Rekindling, Renewing, Reviving

It’s in the trumpeting of the daffodils

The chorus awakening the sun

In the untwisting of pink cherry-buds

That hibernating hearts comes undone.”

– Shobha

In leaps and bounds – that’s how the garden is coming along. It never fails to astonish how much growth happens in a single day. Naturally, keeping up with the work in the garden is a real challenge. All too often, being so focused on getting the various to-do list items checked off, one fails to appreciate what and why we garden. Not this year. No matter how much needs doing or what goes wrong in the garden, I’m determined to pause, step back and bask in the myriad miracles that occur in the garden on any given day. In this season of rebirth and renewal, my love and reason to garden is reaffirmed and rekindled.

So, join me. Take a few minutes to enjoy the photos below. See what I see. I just know that you too will agree that the world is a most wondrous place to be.

But first, indulge me. I’m so proud to be a part of this:


Here you go:




The best reasons to be in the garden

The best reasons to be in the garden

(c) 2017 Shobha Vanchiswar

Spring Challenge

Gardening is in full swing and with my Open Day looming large (May 13), time is of the essence. Given March’s unseasonably cold days, many tasks are behind schedule. So there is a sense of urgency which is not entirely comfortable.

Typically, starting around mid-March, I ease into the myriad chores of the season. Not this year. The first decent day to begin any work was the first Sunday in April. At this time of year when things happen in geometric progression, to-do items delayed by even a week matter greatly. Hence, one works at a frenzied pace perforce.

In the span of a week that included three days of rain, the front ‘lawn’ has been de-thatched, reseeded and treated with compost (as fertilizer and weed suppressor), roses, grapevine and fruit trees pruned, winter debris cleared, plants left to cheer the winter landscape cut back, perennial beds mulched, spring window boxes and urns potted up with daffodils, pansies and primulas, the vegetable plot prepared and planted out with leafy greens, the big pots of bay standards brought out of the greenhouse and positioned, these pots have been underplanted with more leafy greens, pots of herbs set up on the “wall” by the vegetable bed, the espalier of fruit trees and the roses have been sprayed with dormant oil spray and finally, the fountain has been recommissioned. All of this was actually accomplished over just three days. Crazy right?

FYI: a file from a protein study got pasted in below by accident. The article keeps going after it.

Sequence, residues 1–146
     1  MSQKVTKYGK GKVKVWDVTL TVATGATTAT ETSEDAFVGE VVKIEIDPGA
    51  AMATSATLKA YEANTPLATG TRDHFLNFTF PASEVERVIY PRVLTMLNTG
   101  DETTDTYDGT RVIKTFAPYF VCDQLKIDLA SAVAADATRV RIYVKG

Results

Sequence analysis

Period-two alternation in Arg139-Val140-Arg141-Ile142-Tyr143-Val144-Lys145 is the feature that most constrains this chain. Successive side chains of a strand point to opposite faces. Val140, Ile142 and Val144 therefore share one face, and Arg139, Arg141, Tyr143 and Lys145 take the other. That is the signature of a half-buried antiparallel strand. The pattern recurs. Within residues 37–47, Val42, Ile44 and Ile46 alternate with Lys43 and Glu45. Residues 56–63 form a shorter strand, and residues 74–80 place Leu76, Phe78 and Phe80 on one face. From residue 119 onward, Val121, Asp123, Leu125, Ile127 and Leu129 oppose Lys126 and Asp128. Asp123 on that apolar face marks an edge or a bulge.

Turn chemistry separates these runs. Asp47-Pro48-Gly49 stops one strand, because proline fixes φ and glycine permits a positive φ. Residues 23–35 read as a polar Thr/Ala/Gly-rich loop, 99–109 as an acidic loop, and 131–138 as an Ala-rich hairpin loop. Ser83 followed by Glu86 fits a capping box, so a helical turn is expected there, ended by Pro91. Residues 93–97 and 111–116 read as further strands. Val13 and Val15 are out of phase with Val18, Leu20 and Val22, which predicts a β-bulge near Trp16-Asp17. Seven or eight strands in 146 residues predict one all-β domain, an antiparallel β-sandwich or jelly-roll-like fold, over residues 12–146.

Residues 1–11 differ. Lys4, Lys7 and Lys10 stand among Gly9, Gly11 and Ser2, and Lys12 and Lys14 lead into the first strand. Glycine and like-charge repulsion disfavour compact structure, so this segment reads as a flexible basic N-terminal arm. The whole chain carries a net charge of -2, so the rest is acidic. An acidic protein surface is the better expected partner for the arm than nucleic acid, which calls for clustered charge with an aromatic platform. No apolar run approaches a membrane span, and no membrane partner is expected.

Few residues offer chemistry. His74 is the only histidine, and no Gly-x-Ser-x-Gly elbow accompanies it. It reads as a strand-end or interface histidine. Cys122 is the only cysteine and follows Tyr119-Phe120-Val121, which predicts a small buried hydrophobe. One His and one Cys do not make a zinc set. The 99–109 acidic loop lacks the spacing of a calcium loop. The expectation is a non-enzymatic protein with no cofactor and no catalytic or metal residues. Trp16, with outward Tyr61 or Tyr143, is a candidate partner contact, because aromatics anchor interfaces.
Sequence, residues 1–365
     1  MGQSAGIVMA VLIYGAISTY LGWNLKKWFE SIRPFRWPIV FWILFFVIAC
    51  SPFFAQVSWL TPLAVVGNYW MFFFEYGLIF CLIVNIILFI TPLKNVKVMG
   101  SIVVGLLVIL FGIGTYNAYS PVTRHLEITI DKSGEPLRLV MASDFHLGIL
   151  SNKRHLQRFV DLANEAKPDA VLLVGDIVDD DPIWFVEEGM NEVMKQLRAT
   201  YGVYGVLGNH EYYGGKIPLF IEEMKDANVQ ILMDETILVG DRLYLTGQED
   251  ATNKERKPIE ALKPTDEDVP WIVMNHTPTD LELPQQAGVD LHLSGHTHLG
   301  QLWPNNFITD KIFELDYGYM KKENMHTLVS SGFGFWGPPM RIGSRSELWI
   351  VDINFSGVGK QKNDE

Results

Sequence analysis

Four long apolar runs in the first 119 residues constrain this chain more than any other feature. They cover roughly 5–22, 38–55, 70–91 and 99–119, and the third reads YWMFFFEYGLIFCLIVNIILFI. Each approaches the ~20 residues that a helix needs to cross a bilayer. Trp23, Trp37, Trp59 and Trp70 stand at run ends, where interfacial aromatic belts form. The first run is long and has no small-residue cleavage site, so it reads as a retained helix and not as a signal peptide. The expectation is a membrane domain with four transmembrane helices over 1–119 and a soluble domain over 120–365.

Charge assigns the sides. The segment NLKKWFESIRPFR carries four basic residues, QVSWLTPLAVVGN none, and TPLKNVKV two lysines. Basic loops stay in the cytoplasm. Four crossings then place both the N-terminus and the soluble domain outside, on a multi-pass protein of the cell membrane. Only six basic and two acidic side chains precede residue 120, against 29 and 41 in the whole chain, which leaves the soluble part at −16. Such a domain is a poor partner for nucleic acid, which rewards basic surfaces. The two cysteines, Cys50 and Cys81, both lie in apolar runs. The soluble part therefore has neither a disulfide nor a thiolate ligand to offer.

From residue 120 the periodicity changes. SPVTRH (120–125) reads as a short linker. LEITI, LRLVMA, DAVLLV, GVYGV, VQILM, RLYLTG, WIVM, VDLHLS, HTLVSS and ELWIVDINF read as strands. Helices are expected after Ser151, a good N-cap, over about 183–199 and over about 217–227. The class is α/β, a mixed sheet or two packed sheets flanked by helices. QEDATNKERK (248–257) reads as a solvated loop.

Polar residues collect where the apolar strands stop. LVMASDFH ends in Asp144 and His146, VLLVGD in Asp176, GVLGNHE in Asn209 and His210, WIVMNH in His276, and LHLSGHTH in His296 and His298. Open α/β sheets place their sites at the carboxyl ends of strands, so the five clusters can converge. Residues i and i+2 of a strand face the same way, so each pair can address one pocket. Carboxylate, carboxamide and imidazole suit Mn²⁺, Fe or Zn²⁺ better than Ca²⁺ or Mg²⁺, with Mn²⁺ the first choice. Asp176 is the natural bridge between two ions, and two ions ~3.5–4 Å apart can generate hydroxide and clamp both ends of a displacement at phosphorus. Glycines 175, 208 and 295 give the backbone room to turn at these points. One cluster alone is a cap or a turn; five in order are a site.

But, the big work of new planting must wait for the nurseries to receive the shipments. I have a largish order of native plants to go into the meadow. I’d like to get this done ASAP while the bulbs are in full view so that I won’t have to guess where to plant the natives and hope to avoid hurting said bulbs.

The rest of the greenhouse has to be emptied and placed/planted in their respective homes in the garden. This calls for lots of lifting and back and forth. My body is already protesting.

The vertical garden is the wild card. As part of the ongoing Great Wall experiment we’d left all the plants in through the winter. And since that season was kind of mild ( okay, positively weird), we were able to run the nutrient enhanced water system. Since ferns are late spring bloomers, we have yet to determine what has made it through. This means waiting but as I’d like the wall to look nice for Open Day, it is imperative that I know what and where replacement ferns are needed. Oh, the pressure!

This week promises to be unseasonably warm. Today, the temperature is likely to hit 80 degrees. That is more like June than April. What that portends is anybody’s guess. Put paid to the early bloomers before pollination can occur? Bring forward the mid to late ones? The chance of frost still threatens all the way to mid-May. Oy.

Finally, in the midst of all the mad activity, I’m resolved to actually enjoy the garden. It is after all, my favorite season. Time to just admire the early flowers, listen to the birds and watch their general activity. I hope to do quick watercolor sketches to capture this ephemeral time and also expand my collection of watercolor botanicals as several early-spring flowers have not as yet been painted ( Eranthis, Abeliophyllum, Forsythia, cherry/apple/pear blossoms – you see how the list grows?) and most importantly, celebrate the season with family and friends.

Certainly quite a challenge but this is still all good. We should all have only such ‘problems’.

Note: Open Day – May 13 from 10 am – 4:00 pm. Come visit! Bring mom as it is Mother’s Day weekend!

Also on May 13, Teatown Reservation will be holding its annual, exciting PlantFest and I will have a booth there selling my botanical products – prints, note cards and soft furnishings.

Their Wildflower Island will open for the season on this day. Make reservations for a tour.

The 'meadow' coming alive

The ‘meadow’ coming alive

The window box. Should be in full flower by week's end

The window box. Should be in full flower by week’s end

Mulched perennial bed

Mulched perennial bed

Reseeded lawn

Reseeded lawn

Stars at my feet. Scilla

Stars at my feet. Scilla

Bay pot under-planted with spinach and beets

Bay pot under-planted with spinach and beets

The vertical garden right now

The vertical garden right now

Vegetables all planted out

Vegetables all planted out

Buffy the Hellebore

Buffy the Hellebore

(c) 2017 Shobha Vanchiswar

Blowing Hot, Blowing Cold AND Stinky Stats